About Latex (3)

Pigmenting of Latex

Commercial latex pigmenting liquid
Latex is usually pigmented by preparing a pigment dispersion and then mixing this with the latex to provide the final colored product. By using the same procedure as in master-batching; i.e., taking a crude dispersion of the pigment, adding this slurry to the latex and homogenizing the two materials, a phase transfer can be achieved in which the pigment is removed from the aqueous phase and deposited inside the latex particles. 

This provides a more intense color, improves washability and fade resistance and, generally, improves the physical characteristics of the paint. This process has made possible the use of the acrylic artists' watercolors. Without homogenization it would not be possible to achieve the brilliance and depth of color.

Oil Extending Latex

Pearl pigment for latex
The use of mineral oils in the compounding of rubber has been standard for many years to improve the working characteristics of the rubber and reduce the cost of the final compound. Oil can be introduced into the latex as an emulsion and mixed with the latex emulsions or, simply, as oil mixed with the latex emulsion, but none of these provide a true, uniform, stable mixture of oil and latex. Mixing oil and latex together and then homogenizing will produce a uniform product having superior physical characteristics.

Plasticizing of Latices

Many of the synthetic resin latices are extremely hard and brittle, but for a number of applications they must be modified to have greater flexibility and improved adhesion. Plasticizers normally used with these synthetic resins are commonly mixed with the latices under continuous agitation, heat, and pressure in an autoclave for one and one-half hours or longer to cause the plasticizer to migrate into the latex particle. By use of the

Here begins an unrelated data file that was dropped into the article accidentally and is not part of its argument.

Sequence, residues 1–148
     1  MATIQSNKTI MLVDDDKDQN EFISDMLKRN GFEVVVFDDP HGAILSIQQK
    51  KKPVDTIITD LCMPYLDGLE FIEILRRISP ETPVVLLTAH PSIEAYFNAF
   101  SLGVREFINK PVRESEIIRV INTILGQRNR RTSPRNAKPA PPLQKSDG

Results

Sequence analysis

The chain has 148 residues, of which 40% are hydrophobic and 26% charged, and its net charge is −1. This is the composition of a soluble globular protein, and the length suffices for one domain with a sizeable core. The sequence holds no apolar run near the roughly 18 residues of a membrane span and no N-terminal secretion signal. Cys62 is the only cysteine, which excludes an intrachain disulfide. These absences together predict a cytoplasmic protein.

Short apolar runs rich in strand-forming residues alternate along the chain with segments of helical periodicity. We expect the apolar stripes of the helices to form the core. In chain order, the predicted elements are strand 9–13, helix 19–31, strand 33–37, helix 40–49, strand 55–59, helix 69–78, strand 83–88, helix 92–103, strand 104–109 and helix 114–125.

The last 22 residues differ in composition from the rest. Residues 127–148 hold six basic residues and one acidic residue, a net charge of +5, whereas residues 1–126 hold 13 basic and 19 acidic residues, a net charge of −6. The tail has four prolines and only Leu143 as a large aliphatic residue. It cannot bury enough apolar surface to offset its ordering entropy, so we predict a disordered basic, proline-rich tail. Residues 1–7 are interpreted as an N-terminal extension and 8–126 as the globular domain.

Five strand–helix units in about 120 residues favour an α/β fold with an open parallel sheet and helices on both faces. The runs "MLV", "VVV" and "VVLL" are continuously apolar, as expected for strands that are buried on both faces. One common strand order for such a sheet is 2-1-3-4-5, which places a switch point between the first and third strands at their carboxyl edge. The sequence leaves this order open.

homogenizer both the time and temperature may be materially reduced in this operation.

Reduction of Agglomerates

In the emulsion polymerization of latices, many of the small polymer particles tend to loosely join together forming agglomerates. In some polymerization reactions the total quantity of agglomerates can reach 10% of the batch. If the latex is to be used for paint or fine-coating applications, these must be filtered out prior to use. By homogenizing, 90% of this agglomerated material can be separated back to the original particle size, reducing the load on the filter to 1% and saving up to 9% of the latex that would formerly have been lost.

Equipment and Process

For latex processing the APV homogenizers are operated in the pressure range of 2000 psig (13.8 MPa) to 8000 psig (55.2 MPa). These machines should have special wearing parts, when they are used to disperse solids or pigments.


The methods and type of equipment used cover approximately everything used in the paint and rubber fields. The microscope, however, is extremely useful to analyze solid dispersions, and a viscometer would be used for thread or for growing of latex particle operations.

  • Bennett, D. A., British Patent 976,212 (1964).
  • Bennett, D. A., British Patent 976,213 (1964).
  • Bennett, D. A. and K. G. Burridge, British Patent 976,214 (1964).
  • Bennett, D. A., U.S. Patent 3,573,243 (1971).
  • Burke, Jr.; O. W., U.S. Patent 4,344,859 (1982).
  • Calvert, K. O., Ed., Polymer Latices and Their Applications (London: Applied Science Publishers, 1982)
  • Halper, W. M. and F. D. Moss, British Patent 1,124,418 (1968).
  • Kraus, G. Reinforcement of Elastomers [New York: Interscience Publishers (John Wiley), 1965]
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